In my last year of studying law at university, I was looking for a scholarship to pursue a master’s degree and was about to lose any hope of getting this chance. Time passed, and three years later I gained admittance to the Bar. I seriously doubted, though, that I would have an opportunity to travel abroad to continue my higher education even though my academic records and English language skills are very good.
I registered for a master’s program at Birzeit University, and during my first year, when I was checking the webpage of the external relations office, a post suddenly caught my attention: “An Erasmus Exchange semester in Estonia is available for enrolled master’s students at the college of law and public administration.” I couldn’t stop thinking about this post, so I went to the office and applied! And I have never regretted it. It seemed a kind of miracle that I was accepted, and I was really afraid of the experience. Numerous obstacles emerged: how to convince my family that this would be good for me, how to get used to the idea of living abroad alone, how to organize my schedule, arrange accommodations, etc. And the next thing I know, the Erasmus experience had started.
In January 2016, in a temperature colder than I have ever known, -28°C, we had our first meeting – 150 people from different countries gathered in one place. At Tallinn Technical University, all of us new students from a variety of cultures and countries throughout the world began our first language and cultural exchanges and international dinner nights. Time passed very quickly, and after weeks of lessons, meetings, exams, and language courses, we became one big family!
Erasmus students used English in their daily and academic life, which improved my English skills. This first Erasmus was great. I learned some new things, was offered various opportunities, and faced some potential problems. I met new incoming foreigners, and I started to become part of Estonia’s Erasmus community. Erasmus finished in June, but I had already decided to apply for a second Erasmus semester. I looked for another opportunity, and suddenly I found an announcement about an Erasmus program leading to a high diploma in gender studies – in Iceland! This turned out also to be a great opportunity for me. I stayed there for five months and had the opportunity to give a speech on behalf of my colleagues and the program staff in front of the president of Iceland, Mr. Guðni Thorlacius Jóhannesson. This experience helped me to become who am I today, a legal researcher at the Palestinian General Prosecution. Time continued to pass, and I started to mature and develop my passion for international relations and my desire to support my local community.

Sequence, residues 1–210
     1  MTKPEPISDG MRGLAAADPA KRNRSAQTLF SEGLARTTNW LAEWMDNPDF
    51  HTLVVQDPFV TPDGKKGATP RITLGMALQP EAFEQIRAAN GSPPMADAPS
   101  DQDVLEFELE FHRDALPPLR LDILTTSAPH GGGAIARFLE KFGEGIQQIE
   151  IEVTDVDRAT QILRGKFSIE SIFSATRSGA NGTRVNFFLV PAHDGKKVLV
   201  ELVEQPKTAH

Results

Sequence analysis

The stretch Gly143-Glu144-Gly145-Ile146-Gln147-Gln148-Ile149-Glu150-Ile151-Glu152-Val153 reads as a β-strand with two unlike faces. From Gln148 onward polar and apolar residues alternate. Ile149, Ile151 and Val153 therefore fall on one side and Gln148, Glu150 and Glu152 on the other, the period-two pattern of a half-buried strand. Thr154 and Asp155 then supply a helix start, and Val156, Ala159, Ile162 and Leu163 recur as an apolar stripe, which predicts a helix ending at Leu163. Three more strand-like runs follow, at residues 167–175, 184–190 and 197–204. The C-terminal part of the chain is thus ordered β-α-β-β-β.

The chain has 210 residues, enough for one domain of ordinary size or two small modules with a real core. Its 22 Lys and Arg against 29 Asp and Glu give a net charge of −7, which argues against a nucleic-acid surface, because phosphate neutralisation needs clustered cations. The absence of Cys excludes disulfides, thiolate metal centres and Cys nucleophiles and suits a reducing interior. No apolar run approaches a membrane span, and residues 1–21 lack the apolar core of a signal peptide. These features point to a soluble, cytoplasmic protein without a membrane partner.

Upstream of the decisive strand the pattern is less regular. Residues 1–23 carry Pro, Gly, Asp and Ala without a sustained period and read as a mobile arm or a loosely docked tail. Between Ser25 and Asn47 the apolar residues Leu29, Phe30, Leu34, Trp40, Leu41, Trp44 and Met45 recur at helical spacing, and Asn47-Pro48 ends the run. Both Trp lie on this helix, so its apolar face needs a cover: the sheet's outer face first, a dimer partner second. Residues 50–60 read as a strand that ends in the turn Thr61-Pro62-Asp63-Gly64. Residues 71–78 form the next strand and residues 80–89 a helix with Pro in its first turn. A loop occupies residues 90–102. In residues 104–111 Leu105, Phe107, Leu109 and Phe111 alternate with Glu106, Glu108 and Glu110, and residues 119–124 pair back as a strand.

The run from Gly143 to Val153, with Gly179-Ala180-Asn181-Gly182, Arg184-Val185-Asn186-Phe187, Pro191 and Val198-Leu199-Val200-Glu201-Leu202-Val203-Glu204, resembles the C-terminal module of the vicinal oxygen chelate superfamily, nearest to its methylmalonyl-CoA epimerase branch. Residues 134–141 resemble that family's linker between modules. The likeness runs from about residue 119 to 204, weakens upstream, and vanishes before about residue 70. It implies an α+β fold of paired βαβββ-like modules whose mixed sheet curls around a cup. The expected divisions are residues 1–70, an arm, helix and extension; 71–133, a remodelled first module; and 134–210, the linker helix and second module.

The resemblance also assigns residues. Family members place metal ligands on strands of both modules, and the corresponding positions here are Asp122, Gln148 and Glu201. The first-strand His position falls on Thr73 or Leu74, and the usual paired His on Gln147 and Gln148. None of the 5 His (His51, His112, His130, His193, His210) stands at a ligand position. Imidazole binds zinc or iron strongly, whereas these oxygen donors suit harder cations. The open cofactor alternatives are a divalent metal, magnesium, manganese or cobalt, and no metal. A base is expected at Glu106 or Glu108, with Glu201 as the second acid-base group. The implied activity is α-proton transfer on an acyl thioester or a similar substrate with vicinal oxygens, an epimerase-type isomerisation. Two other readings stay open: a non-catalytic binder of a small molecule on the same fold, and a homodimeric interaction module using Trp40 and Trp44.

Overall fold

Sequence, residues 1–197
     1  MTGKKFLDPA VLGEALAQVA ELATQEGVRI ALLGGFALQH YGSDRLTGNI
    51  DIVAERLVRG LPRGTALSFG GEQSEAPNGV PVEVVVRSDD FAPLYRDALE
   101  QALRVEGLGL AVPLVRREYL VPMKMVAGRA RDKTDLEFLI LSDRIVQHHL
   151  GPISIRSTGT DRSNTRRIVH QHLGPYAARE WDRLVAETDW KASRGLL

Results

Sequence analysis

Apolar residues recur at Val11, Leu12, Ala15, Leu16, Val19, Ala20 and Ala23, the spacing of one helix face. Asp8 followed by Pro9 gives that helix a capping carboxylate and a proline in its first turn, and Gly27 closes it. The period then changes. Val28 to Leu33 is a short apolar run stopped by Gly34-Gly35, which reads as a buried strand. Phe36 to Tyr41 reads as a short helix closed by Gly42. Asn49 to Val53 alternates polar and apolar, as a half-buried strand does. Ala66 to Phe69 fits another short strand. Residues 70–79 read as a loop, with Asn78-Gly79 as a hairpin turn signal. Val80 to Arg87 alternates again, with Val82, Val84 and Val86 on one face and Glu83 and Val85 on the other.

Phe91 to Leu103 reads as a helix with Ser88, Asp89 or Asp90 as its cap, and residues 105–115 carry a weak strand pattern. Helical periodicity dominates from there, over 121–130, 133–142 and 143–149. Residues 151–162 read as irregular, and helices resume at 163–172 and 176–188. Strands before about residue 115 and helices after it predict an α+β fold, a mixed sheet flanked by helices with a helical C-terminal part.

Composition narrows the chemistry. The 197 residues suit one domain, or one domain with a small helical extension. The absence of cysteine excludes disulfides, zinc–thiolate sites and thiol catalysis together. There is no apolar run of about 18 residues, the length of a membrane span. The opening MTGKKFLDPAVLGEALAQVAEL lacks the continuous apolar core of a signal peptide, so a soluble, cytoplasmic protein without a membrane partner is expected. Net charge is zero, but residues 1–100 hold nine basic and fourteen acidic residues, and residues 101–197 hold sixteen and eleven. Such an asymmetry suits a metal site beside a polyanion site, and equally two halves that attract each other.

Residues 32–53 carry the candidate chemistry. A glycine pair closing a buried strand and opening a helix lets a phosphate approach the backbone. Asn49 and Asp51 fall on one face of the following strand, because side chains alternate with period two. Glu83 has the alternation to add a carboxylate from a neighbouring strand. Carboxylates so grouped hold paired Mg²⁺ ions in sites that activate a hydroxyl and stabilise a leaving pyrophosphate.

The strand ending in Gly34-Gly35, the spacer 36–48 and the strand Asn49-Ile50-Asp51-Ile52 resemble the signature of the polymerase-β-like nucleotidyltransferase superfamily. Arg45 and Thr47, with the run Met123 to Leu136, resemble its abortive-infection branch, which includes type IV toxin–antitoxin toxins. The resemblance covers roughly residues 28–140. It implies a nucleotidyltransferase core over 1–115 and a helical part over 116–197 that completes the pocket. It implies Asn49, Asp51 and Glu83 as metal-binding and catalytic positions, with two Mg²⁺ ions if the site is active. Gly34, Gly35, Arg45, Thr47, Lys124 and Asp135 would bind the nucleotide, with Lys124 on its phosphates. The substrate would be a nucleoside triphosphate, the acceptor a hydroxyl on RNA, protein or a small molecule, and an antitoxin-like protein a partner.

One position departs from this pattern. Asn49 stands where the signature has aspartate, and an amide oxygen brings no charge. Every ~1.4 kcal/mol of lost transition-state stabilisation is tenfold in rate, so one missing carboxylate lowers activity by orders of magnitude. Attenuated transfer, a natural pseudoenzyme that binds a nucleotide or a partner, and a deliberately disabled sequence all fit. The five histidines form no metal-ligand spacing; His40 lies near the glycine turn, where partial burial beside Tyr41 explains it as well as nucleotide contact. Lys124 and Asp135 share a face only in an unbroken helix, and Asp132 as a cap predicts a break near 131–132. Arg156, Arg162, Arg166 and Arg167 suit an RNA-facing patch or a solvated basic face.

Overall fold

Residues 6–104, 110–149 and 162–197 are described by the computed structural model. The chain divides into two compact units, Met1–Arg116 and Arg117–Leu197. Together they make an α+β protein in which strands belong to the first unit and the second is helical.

Living abroad for a limited period of time is different from traveling, but it is also different from permanently moving to another country. It is too long a time to spend simply focusing on yourself and having fun, but it is too short to consider yourself settled enough to begin long-term projects. You learn about people, about life, about cultures, and about how important it is to embrace new ideas and be open-minded. Erasmus is not just a simple exchange experience, it is, by far, the best experience you could ever have! I’m grateful that during my master’s degree program I studied in Estonia and super mega grateful that I went to Iceland. Both experiences were awesome, and I hope that through this post, maybe I can convince whoever you are to go for it because life is too short, and staying in your comfort zone is the biggest mistake you could ever make.
The Erasmus experience will change you. It will become a way of life. I believe that it’s important to be part of the European community, which offers young people an unforgettable opportunity to study abroad and get to know other people and cultures. The Erasmus experience doesn’t have to end; you will see it as the beginning of a new chapter of your life. You will experience things you never thought you would experience, and these little things have the potential to change your life for the better – the way you think, the way you behave, and even the way you live.
Erasmus gives you valuable skills and helps with your professional career. Studies may be only a small part of the Erasmus experience, but they’re a crucial part. You will study at a different university, you will try new extracurricular activities, meet a variety of students and teachers, and do it all in a language other than your mother tongue.
And because of all of that – once Erasmus, always Erasmus!
Article photos courtesy of the author.